Jannet Castañon walks up to the large, rusted gate on the metal fence looming up into the sky at Friendship Park. Presidential candidate Bernie Sanders recently made a campaign stop here.
Since 1971, the park has served as a small gathering space that separates Mexico from the U.S. with a wall that stretches into the ocean. Separated by thick metal and wire fencing, people have gathered here to talk to friends, loved ones and even strangers from across country lines. On this day, Castañon’s mother, Rosario Vargas, is waiting for her on the other side.
“It’s been nine years,” says Castañon. “Of not hugging her, not seeing her. Nothing.”
It takes three U.S. Border Patrol agents to unlock the gate and pry open its salt-eroded door. Holding her 10-year-old daughter Yvette’s hand, Castañon walks nervously across the dirt and rocks leading up to the border fence, stumbling a bit on her way to meet her mother. Each step is watched by hundreds of eyes from both sides of the border, and is recorded by nonstop camera shutter clicks and video cameras so that this moment can be shared with the world.
Castañon wraps her arms tightly around her mother. Their feet straddle the line dividing the U.S and Mexico. While there’s no distance between them on this day, the true measure of their separation is immeasurable and ever imposing by the line below them and fence surrounding them. Both women break into small sobs muffled by each other’s bodies. They embrace for three minutes as tears fall from their faces. Before they know it, it’s time to say goodbye again.
Still, in those three minutes, Castañon later says she experienced the best moment of her life.
“I felt excited, happy, content, everything,” says Castañon, who nine years prior decided to leave her hometown of Tijuana for San Diego to give her children what she believes is a better future. In doing so, she also left her mother. Neither Castañon nor Vargas can cross the border for a visit without risking deportation.
Their moment at Friendship Park, while fleeting, was arranged by Border Angels, a local nonprofit advocating for immigration reform and who hold monthly events at the park. In celebration of the Mexican holiday Dia del Niño, or Children’s Day, Border Angels arranged a celebration they call “Abriendo la Puerta de la Esperanza” (Opening the Door of Hope).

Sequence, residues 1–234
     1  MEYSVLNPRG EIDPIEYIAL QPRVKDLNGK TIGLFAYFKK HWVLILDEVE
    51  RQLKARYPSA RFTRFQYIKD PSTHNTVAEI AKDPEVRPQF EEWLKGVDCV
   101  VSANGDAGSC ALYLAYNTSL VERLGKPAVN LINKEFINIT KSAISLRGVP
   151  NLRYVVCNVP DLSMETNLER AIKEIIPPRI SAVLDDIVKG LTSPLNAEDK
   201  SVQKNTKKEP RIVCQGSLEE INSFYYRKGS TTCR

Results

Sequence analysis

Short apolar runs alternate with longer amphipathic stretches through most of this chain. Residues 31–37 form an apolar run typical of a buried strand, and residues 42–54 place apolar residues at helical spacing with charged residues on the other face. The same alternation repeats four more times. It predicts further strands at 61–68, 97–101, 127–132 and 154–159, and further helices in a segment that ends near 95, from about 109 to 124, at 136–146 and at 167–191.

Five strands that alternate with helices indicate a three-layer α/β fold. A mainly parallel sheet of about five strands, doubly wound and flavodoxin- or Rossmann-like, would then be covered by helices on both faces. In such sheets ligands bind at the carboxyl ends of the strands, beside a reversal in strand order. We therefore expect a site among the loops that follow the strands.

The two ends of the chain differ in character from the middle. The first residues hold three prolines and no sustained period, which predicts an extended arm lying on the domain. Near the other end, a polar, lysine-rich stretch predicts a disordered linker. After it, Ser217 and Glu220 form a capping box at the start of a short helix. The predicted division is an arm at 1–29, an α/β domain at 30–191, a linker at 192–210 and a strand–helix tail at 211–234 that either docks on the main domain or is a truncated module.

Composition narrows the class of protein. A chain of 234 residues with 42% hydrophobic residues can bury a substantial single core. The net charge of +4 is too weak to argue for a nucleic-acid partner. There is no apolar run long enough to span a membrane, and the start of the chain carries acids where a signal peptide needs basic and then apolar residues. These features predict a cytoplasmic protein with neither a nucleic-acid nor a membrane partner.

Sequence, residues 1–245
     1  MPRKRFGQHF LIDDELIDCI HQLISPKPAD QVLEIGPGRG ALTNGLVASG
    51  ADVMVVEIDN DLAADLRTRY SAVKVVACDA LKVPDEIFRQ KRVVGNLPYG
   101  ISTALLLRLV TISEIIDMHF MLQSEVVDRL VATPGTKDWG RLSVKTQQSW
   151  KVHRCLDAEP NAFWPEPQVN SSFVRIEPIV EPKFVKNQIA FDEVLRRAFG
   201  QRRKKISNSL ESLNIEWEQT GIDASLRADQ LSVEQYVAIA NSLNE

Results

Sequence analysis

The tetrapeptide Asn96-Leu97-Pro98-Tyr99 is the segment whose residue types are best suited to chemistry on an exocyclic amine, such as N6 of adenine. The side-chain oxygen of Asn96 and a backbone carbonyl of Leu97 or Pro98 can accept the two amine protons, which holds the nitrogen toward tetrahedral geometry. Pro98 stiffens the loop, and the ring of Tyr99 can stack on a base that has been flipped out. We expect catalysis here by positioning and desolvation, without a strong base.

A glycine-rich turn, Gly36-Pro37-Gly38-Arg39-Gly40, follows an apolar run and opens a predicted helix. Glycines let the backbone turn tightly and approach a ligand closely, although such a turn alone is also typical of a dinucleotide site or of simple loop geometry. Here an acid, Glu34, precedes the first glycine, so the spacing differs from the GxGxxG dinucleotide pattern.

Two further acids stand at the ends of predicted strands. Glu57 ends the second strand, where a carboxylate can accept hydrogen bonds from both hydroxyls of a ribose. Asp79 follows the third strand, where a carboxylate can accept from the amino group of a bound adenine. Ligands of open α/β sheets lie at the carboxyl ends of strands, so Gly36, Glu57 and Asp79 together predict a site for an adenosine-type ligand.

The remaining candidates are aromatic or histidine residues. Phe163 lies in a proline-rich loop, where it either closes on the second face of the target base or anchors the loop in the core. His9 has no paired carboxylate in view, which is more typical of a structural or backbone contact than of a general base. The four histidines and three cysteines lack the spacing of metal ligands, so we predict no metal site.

As part of the third annual event, Border Angels chooses a small number of families who have been separated from their loved ones for various reasons, including deportation, and gives them the opportunity to hold each other for a few minutes. The Border Patrol assists by opening the gate in the fence wall. This year, six families received three minutes each to reconnect with their loved ones.
Enrique Morones, executive director and founder of Border Angels, believes this event is especially important today as the political climate has become increasingly intolerant of Mexican immigrants, both undocumented and otherwise.
“While some people want to build more walls, Border Angels wants to open more doors,” Morones says. “This event is huge, as it shows the world and Congress in D.C. the need for human touch; the need for humane immigration reform. Love has no borders.”
Rep. Juan Vargas, representing California’s 51st District, was at the event to show support for these families and challenge what he calls the country’s “cruel, wrong and bad” immigration system.
“It breaks loving families apart that want to grow up together and do great things,” Vargas says. “I’m hoping that [lawmakers] get to the point of understanding that the way to fix it is to have comprehensive immigration reform that allows families to be together as opposed to what Trump is preaching—a philosophy of hate by breaking families apart and building walls instead of bridges.”
Morones believes that putting human faces to this issue can make all the difference when it comes time to pass laws.
“That one deciding vote [in Congress] may look back at a moment of a child hugging their mom or grandmom, and it might sway them to vote in favor of humane immigration reform,” he says.
The event isn’t only a chance for those chosen families to be close to their loved ones, again. A caravan of about 30 cars makes its way up a muddy road to Friendship Park. Dozens gather at the celebration with toys and cupcakes for the kids, and talk to loved ones through the small separations between the fence grating, sticking their finger through so they can touch. Hundreds meet them on the Tijuana side, some from thousands of miles away.
Among them are Daisy, Leti and Paola Toledo and their parents, Manuel and Leticia Toledo, who they haven’t seen in two years. Manuel was extradited three years ago and Leticia decided to follow behind to care for him since he was ill at the time of his extradition. They left their daughters, who are 25 and younger and undocumented, under the care of family.
“We’ve had some rough times,” says Daisy.
“Having to be on our own and support ourselves,” adds Leti. “Having to work together and help each other out, we kind of got used to it after a while.”
The event gives them an opportunity to see their parents until they can sort out paperwork that would allow them to cross into Tijuana or their parents to return to the U.S.
“It makes me so happy to see my daughters,” adds a tearful Leticia from the Tijuana side of the fence. “To have them here and to be able to see them. I wish I could hug them, but just being able to see them makes me happy.”
The Toledos, Castañons and hundreds of thousands of other families separated from each other wait until a better immigration system can bring them together. In the meantime, they’ll take anything they can get. Even three minutes.